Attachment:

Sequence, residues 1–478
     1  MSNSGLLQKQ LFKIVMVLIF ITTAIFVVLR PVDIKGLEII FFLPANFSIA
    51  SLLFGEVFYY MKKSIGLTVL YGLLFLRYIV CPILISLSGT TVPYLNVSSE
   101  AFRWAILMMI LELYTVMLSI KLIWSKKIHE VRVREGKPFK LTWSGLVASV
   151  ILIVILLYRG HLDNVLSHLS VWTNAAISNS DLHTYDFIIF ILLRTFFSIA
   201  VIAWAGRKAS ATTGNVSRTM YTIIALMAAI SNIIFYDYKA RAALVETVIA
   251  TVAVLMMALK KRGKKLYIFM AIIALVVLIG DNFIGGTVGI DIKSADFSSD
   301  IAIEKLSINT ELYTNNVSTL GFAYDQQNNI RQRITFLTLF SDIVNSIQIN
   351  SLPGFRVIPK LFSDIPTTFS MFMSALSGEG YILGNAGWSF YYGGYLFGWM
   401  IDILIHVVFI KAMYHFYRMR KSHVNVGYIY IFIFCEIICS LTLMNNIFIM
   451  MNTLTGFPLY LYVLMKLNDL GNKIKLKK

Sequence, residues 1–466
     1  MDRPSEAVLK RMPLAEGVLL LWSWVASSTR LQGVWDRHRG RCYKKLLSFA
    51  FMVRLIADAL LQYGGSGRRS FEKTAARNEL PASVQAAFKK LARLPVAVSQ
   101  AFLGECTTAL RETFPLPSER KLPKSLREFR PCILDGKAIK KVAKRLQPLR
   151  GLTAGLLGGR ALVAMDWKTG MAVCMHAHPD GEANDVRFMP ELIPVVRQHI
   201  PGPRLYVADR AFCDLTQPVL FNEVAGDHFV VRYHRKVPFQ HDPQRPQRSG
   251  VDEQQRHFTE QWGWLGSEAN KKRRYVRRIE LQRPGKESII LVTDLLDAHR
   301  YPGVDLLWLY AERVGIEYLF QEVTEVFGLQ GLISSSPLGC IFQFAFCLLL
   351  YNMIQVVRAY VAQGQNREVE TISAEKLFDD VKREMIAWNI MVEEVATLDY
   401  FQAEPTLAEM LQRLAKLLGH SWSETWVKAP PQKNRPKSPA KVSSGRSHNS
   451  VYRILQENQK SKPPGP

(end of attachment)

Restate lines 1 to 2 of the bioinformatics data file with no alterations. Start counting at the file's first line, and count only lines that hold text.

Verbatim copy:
Sequence, residues 1–478
     1  MSNSGLLQKQ LFKIVMVLIF ITTAIFVVLR PVDIKGLEII FFLPANFSIA